Malians vote in presidential runoff
August 12, 2013 -- Updated 0203 GMT (1003 HKT)
Malian electoral agents count votes at a polling station in Bamako.
- The contest is between Ibrahim Boubacar Keita and Soumaila Cisse
- No candidate won a majority in the first round of voting last month
- Final results are not expected for days in the country rocked by coup, Islamist militants
(CNN) -- Malians headed to the polls Sunday to vote for a president after a coup last year plunged the nation into chaos and left the north in the hands of Islamists.
Heavy rain fell in the morning, potentially lowering turnout. Early results could come in as early as Sunday night, though final results are not expected for days.
The contest is between veteran politician and former Prime Minister Ibrahim Boubacar Keita, who got nearly 40% of votes in the first round, and former Finance Minister Soumaila Cisse, who garnered close to 20% of the vote.
Keita ran for office in 2002 and 2007. He lost both times, most recently to Amadou Toumani Toure.
Toure was ousted by a faction of the military in March of last year, plunging Mali into chaos.
Mali heads to polls
Combating violence against women in Mali
Ancient Islamic manuscripts under threat
Mali's refugee crisis worsening
A group of outraged soldiers accused the government of not providing adequate equipment to battle ethnic Tuareg rebels roaming the vast desert in the north. Disgruntled, the soldiers marched to the palace.
A few hours later, a soldier appeared on state television and said the military was in control of the nation. The coup leader later stepped down and transferred power to a civilian transitional government.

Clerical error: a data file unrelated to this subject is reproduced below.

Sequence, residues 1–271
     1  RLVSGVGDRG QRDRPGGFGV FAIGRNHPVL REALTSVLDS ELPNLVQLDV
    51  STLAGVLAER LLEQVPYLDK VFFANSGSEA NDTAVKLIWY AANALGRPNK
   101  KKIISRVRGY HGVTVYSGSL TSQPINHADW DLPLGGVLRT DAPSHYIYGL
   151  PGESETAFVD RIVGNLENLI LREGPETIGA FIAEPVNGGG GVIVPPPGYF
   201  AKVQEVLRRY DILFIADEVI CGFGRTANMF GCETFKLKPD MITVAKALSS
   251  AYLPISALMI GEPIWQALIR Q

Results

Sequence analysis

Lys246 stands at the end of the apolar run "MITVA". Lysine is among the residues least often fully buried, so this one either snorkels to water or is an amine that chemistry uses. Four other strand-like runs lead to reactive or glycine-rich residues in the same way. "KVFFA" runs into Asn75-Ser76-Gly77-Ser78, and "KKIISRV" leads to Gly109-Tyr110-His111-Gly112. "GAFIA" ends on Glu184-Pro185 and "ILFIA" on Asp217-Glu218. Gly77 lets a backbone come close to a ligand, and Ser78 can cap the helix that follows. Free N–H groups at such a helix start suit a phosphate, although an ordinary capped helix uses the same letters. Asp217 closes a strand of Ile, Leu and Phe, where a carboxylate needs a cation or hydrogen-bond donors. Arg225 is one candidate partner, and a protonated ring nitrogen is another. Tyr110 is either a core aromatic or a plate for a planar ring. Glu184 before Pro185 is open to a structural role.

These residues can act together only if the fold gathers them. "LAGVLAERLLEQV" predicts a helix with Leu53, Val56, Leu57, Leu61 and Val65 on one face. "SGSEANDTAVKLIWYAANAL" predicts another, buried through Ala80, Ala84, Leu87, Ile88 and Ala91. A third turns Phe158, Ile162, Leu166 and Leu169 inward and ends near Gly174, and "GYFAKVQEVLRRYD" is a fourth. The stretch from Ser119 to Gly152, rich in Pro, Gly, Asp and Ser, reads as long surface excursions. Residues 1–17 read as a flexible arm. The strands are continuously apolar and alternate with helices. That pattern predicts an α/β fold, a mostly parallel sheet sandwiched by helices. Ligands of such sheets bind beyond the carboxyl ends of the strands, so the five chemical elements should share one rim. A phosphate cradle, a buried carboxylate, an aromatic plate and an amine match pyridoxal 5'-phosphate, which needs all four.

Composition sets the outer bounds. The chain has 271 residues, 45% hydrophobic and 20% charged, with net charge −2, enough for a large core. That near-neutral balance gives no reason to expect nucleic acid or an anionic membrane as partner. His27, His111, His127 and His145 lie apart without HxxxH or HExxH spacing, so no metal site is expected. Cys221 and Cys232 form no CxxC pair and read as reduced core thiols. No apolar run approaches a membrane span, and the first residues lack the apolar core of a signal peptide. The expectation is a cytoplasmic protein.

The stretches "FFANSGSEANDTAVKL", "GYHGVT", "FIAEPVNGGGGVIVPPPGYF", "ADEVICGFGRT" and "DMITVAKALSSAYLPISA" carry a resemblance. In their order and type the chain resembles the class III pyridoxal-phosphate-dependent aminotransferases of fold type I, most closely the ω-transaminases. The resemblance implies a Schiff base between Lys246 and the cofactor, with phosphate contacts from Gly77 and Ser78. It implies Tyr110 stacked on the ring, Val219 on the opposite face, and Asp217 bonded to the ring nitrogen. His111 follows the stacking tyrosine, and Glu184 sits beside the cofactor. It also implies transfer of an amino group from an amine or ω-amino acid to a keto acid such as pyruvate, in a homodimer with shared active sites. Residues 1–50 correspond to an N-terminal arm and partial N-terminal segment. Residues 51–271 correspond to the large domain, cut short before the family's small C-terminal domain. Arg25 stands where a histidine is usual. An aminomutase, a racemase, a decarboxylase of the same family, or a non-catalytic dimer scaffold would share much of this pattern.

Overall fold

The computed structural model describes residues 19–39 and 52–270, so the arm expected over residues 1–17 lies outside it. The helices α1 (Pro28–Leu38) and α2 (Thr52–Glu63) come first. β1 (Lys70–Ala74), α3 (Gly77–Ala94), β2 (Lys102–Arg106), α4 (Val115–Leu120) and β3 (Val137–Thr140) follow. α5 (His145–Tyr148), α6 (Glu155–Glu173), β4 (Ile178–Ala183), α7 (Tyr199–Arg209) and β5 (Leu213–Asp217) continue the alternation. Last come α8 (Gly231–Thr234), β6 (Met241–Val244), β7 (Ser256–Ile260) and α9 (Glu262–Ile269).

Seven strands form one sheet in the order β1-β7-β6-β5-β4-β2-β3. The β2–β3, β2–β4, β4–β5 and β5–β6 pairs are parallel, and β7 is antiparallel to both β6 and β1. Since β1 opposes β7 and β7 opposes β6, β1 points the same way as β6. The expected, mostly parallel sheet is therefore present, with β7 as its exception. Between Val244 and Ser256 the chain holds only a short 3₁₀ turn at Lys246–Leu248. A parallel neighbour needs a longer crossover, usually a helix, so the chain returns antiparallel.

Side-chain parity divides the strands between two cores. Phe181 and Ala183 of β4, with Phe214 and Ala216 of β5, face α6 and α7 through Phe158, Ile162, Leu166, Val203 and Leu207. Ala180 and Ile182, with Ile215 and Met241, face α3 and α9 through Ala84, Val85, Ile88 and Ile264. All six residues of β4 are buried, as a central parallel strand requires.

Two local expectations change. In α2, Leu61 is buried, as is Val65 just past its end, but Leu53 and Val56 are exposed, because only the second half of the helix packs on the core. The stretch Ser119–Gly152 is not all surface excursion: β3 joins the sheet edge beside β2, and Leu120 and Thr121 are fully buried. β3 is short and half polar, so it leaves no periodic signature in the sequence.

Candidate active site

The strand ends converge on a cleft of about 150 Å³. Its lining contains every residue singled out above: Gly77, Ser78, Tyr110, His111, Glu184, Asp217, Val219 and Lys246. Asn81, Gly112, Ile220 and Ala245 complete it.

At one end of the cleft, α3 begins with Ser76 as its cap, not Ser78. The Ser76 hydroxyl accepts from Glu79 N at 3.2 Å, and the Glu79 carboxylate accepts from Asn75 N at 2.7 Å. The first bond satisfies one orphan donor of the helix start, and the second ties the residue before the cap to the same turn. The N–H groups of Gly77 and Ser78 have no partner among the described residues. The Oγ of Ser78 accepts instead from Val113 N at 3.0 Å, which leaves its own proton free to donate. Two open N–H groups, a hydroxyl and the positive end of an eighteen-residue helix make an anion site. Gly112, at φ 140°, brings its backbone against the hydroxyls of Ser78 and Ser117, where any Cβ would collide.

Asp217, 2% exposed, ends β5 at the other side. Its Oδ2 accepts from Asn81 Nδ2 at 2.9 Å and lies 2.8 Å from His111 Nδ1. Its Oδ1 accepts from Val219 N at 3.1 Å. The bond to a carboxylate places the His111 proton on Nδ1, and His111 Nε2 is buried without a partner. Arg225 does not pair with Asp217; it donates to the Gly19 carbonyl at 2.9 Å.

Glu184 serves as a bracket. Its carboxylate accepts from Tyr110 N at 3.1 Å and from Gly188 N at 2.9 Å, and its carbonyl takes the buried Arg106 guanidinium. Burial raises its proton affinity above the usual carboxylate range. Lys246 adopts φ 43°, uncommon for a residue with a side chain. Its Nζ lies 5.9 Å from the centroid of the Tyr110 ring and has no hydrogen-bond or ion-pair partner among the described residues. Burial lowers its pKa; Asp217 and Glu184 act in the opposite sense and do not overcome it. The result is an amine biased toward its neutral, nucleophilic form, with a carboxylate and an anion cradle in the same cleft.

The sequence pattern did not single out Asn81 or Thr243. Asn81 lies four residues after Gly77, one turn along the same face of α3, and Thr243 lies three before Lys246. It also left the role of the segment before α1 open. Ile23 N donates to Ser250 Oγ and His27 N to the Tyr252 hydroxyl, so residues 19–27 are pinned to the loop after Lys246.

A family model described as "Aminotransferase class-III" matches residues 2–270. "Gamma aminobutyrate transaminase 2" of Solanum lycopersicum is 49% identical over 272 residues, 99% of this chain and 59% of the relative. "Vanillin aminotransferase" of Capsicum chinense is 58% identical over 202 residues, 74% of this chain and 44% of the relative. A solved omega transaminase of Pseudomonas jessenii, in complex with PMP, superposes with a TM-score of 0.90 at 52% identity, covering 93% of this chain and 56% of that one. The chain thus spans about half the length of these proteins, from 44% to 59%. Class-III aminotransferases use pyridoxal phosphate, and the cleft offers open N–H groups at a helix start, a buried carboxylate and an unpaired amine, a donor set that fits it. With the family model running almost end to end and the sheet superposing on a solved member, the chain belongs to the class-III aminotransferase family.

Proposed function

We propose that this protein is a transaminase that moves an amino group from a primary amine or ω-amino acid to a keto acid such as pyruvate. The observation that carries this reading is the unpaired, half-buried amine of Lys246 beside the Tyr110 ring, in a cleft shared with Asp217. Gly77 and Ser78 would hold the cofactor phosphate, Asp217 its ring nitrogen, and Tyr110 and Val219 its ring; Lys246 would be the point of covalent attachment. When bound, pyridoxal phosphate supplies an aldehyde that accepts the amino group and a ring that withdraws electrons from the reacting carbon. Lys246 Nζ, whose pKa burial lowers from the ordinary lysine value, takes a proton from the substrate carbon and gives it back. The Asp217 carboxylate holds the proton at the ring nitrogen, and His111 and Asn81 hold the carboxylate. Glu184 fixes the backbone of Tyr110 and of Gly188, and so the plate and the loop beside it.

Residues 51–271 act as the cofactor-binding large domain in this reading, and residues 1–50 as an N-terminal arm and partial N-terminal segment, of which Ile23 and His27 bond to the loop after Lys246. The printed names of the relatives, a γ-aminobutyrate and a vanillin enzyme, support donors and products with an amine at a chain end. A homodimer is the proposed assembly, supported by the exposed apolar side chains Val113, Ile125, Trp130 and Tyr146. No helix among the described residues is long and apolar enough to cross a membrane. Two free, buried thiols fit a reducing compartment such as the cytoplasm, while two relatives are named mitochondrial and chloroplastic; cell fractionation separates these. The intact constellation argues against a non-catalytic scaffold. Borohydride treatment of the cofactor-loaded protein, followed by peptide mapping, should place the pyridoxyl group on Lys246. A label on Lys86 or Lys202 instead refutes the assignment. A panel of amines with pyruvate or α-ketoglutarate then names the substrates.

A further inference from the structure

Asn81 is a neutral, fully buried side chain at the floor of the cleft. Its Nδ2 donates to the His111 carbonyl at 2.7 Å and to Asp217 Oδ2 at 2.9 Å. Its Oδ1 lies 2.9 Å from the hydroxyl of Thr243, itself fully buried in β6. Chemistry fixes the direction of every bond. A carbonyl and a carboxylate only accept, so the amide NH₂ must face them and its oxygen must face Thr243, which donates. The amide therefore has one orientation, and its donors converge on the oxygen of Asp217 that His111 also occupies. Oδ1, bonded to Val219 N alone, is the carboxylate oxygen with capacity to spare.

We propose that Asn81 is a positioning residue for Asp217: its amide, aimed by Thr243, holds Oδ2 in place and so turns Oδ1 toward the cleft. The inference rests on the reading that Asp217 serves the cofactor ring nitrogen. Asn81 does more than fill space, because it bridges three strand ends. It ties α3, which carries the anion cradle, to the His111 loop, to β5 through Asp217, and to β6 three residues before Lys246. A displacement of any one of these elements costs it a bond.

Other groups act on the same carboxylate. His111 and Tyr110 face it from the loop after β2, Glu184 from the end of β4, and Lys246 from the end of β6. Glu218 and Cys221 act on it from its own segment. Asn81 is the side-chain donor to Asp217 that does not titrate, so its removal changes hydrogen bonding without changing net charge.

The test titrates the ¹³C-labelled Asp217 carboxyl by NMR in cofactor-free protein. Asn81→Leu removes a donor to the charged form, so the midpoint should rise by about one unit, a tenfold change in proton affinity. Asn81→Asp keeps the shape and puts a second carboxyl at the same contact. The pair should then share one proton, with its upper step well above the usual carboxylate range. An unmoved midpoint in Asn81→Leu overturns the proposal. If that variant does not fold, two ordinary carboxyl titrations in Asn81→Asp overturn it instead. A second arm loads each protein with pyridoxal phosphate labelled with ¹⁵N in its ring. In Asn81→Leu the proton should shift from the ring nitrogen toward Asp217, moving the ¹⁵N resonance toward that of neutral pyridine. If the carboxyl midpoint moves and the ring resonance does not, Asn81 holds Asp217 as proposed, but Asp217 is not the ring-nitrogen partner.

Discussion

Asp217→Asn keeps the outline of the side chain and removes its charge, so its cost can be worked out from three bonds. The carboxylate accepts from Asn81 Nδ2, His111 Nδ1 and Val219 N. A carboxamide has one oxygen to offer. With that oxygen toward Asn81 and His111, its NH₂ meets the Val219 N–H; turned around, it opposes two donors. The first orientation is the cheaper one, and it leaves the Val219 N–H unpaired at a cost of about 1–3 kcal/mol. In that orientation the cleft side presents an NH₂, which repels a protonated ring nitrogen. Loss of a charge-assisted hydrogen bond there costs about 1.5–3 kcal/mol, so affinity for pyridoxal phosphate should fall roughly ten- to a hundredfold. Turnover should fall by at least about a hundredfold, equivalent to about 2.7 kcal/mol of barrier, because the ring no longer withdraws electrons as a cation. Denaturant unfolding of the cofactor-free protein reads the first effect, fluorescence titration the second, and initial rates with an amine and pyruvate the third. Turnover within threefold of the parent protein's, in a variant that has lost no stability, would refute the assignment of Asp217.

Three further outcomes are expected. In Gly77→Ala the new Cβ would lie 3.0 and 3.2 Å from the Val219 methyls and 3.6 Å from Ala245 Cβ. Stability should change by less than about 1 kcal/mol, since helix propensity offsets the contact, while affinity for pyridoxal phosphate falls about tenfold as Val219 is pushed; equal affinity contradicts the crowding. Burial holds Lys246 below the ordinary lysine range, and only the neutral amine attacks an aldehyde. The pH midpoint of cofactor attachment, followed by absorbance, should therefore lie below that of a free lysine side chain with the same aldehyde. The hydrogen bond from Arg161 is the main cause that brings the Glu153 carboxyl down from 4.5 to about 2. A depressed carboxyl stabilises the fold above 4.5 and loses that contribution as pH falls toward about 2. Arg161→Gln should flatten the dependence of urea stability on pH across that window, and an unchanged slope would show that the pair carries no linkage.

But uncertainty reigned.
Islamic extremists, some with ties to al Qaeda, capitalized on the coup. They toppled the Tuareg tribe roaming in the north and seized control of Timbuktu and other cities in the region. They carved out a large portion of the region and began instituting their own laws.
They banned music, smoking, drinking and watching sports on television, and destroyed historic tombs and shrines in the north. World leaders feared that the al Qaeda-linked militants would turn the area into a terrorist haven.
Their victories prompted a French-led military campaign in January to flush out the insurgents. France has a close tie to Mali after holding it as a colony from 1898 to 1960.
A successful election would allow France to withdraw some of the troops it put in place to halt Islamist militants from advancing toward the capital, Bamako. French troops and United Nations peacekeepers still patrol the streets of the fragile north.
The runoff election is taking place because no candidate won a majority in the first round of voting last month.
Journalist Katarina Hoije contributed to this report from Bamako.
Part of complete coverage on
March 7, 2014 -- Updated 1527 GMT (2327 HKT)
The U.S. huffing over Ukraine jars with many after recent U.S.-led interventions, writes Simon Tisdall.
March 7, 2014 -- Updated 2030 GMT (0430 HKT)
Venezuelan President Nicolas Maduro is unapologetic about his government's response to opposition protesters.
March 6, 2014 -- Updated 1653 GMT (0053 HKT)
He's 12 years old and going blind -- so his parents are taking him on a trip to fill his world with beautiful images.
Track star Oscar Pistorius is accused of killing his girlfriend, Reeva Steenkamp. Follow live updates of South Africa's trial of the century.
March 6, 2014 -- Updated 1357 GMT (2157 HKT)
To celebrate International Women's Day, CNN's Leading Women is inviting you to a Tweetchat.
March 6, 2014 -- Updated 2247 GMT (0647 HKT)
Women journalists in the testosterone-fueled world of sports are still the target of abuse.
March 6, 2014 -- Updated 1027 GMT (1827 HKT)
Photographer Zack Seckler's series presents Botswana from between 50 and 500 feet, providing a unique view of the savannah.
March 5, 2014 -- Updated 0218 GMT (1018 HKT)
Concorde is a thing of the past, but a number of companies are racing to release the first supersonic business jet.
March 7, 2014 -- Updated 2059 GMT (0459 HKT)
Browse through images you don't always see on news reports from CNN teams around the world.
March 7, 2014 -- Updated 1852 GMT (0252 HKT)
From U.S. President Obama's phone call to Russian President Putin, to a python swallowing a crocodile, browse photos from last week.
March 7, 2014 -- Updated 0543 GMT (1343 HKT)
Did you know that the idea to mark road surfaces reportedly came from watching a milk truck drip milk on the road?
The undersea cables wiring the Earth: this is what the Internet actually looks like.
Today's five most popular stories